Here are a few predictions that did rounds before the presentation of the Union Budget 2020. We examine how these predictions have turned into actual facts.
|Enhancement of section 80C of the Income Tax Act limit |
The overall exemption limit under section 80C should at least be enhanced to Rs. 3 lakh, from the current Rs. 1.5 lakh. Similarly, while increasing the limits under 80C, concurrently the limit of investment under PPF may also be increased.
|No such enhancement or alteration to Section 80C of the Income Tax Act|
|Tweaks in long-term capital gains tax on equity |
To encourage small taxpayers to invest in the stock market, the government may consider increasing the limit of Rs 1 lakh for taxing the long-term capital gains from the transfer of such equity shares and units of equity-oriented funds. Further, the government may also consider specifying a holding period (say 5 years) and if such shares or units are transferred after the specified holding period, the long-term capital gains may be considered as exempt.
|No tweaks or changes in Long-term capital gains tax on equity|
|Removal of dividend distribution tax (DDT)|
The other big change expected in the Budget 2020 is the removal of dividend distribution tax. At present, any dividend distributed by companies attracts an effective tax rate of 20.56 percent. Further, shareholders receiving dividends above Rs 10 lakh a year are required to pay an additional 10 percent tax.
|Dividend distribution tax (DDT) to be taxed in the hands of the recipients alone. |
Companies no longer need to pay dividend distribution tax.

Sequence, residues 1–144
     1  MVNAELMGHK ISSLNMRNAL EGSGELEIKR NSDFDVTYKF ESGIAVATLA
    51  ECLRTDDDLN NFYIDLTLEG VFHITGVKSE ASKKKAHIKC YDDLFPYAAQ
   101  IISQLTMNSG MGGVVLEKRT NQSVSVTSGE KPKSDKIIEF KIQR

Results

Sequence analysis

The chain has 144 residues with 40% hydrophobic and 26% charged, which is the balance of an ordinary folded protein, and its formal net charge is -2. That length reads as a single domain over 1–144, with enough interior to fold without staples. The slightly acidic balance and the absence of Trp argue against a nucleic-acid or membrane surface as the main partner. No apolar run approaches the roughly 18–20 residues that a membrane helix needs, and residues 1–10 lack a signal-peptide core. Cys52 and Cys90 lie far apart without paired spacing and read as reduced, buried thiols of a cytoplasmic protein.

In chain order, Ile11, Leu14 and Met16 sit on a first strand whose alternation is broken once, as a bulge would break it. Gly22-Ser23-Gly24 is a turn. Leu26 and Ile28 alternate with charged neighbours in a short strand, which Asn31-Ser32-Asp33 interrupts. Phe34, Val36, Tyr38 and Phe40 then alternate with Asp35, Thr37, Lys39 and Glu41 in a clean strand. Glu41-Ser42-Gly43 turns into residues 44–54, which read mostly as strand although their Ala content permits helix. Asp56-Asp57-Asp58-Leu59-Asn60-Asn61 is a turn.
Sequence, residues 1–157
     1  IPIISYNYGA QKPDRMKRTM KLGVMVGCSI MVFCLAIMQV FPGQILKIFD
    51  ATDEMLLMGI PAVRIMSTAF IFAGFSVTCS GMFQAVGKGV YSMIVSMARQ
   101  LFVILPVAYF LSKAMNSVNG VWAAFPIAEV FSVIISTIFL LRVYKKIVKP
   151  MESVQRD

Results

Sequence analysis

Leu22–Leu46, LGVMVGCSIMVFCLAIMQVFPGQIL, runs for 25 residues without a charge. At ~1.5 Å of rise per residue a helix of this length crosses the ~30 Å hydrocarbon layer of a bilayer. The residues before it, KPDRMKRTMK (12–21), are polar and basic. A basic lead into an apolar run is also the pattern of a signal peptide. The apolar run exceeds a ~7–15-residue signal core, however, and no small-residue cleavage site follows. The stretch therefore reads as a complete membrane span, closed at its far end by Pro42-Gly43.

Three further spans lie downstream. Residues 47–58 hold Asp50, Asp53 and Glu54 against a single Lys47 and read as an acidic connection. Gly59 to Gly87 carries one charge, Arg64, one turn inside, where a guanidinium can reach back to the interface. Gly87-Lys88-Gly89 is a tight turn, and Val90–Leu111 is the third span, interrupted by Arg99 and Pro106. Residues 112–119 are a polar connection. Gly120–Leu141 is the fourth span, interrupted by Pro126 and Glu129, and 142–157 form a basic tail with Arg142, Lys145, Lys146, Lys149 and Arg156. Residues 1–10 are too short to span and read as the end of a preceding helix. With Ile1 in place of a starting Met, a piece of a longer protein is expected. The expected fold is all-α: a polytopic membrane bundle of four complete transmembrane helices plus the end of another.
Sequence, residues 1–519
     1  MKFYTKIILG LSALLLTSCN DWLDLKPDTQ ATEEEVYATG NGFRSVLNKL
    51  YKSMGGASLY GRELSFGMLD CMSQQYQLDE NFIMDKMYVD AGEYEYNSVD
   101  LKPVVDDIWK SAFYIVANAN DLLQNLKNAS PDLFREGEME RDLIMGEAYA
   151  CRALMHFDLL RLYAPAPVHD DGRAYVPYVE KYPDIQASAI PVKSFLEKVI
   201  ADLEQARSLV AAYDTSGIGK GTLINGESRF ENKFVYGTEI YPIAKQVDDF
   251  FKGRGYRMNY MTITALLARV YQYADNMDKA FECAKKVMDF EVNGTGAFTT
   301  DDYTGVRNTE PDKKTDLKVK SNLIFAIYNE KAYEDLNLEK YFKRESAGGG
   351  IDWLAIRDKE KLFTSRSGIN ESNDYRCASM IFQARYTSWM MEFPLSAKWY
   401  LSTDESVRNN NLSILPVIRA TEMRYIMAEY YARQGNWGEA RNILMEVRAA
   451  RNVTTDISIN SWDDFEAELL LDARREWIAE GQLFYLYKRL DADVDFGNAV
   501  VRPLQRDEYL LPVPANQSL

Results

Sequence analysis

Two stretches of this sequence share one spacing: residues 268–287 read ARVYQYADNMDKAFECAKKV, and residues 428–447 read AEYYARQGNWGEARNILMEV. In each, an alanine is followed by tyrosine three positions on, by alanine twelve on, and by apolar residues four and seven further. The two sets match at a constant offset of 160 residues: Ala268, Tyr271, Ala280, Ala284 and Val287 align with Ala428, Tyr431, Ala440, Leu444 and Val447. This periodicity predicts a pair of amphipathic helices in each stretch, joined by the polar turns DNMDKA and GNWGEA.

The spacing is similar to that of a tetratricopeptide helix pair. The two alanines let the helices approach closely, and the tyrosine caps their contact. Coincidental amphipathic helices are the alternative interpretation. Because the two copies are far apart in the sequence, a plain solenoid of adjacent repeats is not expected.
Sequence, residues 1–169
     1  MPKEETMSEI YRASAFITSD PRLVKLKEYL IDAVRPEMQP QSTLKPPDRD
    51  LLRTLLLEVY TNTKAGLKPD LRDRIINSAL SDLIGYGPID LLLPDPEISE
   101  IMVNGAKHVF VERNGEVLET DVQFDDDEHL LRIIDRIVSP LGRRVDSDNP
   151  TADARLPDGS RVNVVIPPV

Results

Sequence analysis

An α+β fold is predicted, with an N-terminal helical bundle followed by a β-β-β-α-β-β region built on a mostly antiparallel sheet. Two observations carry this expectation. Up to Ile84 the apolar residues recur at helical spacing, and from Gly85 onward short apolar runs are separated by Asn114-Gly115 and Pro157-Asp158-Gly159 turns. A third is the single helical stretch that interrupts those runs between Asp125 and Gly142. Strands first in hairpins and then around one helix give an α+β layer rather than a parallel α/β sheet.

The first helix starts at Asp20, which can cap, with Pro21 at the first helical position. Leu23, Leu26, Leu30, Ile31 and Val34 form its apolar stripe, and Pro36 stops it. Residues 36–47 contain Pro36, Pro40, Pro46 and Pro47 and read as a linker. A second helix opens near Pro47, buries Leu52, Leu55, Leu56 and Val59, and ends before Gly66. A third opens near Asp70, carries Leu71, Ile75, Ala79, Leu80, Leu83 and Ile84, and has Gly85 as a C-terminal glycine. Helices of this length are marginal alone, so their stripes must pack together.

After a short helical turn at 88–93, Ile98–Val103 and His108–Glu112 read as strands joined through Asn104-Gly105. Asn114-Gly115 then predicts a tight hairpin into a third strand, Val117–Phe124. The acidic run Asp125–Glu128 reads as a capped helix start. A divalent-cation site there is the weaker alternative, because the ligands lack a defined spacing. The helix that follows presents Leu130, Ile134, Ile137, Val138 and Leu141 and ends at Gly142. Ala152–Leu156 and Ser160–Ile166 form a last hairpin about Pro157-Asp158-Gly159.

|Income tax legacy disputes amnesty scheme|
A new amnesty scheme for the resolution of legacy disputes in Income Tax is in the works and with which the cash-starved government expects will mop up at least Rs 2 lakh crore. The new scheme could be unveiled in Union Budget 2020 on Saturday as the government looks for ways and means to shore up dwindling revenue numbers. This amnesty scheme could mirror the Sabka Vishwas scheme which was targeted at customs and excise dispute resolution amnesty scheme,
|‘Vivad Se Vishwas’ scheme, with a deadline of 30th June 2020, to reduce litigations indirect taxes: |
· Waiver of interest and penalty – only disputed taxes to be paid for payments till 31st March 2020.
· Additional amount to be paid if availed after 31st March 2020.
· Benefits to taxpayers in whose cases appeals are pending at any level.
Speaking on Budget 2020 with Taxscan, Abhishek A Rastogi, Partner, Khaitan & Co. said that, “The announcements around tax are simple but interesting. It appears very clear that the government has learned the benefits of the Amnesty scheme introduced for the indirect tax regime and has now proposed it even for the direct tax regime. It is expected that the scheme will resolve a lot of pending litigation, resulting in benefits to the taxpayers and the government exchequer. The interesting and innovative announcements related to the inclusion of the tax charter and cash rewards need to be closely monitored. The finance minister did not shy away from making announcements to show that the focus will remain on better tax compliance and hence appropriately commented with respect to returns, refunds, electronic invoices, Aadhaar-based verification, credit mismatch, and deep data analytics. The other important issues announced were the rate rationalization and removal of the problem of inverted duty structure. The government is keen to pragmatically address these issues apart from addressing the problem of foreign trade agreements. It is a fact that various imports under foreign trade agreements are made based on the rules of Origin. The government is clear that various checks would be put to examine these rules including those provisions where the tax leakages may happen in Customs and GST”.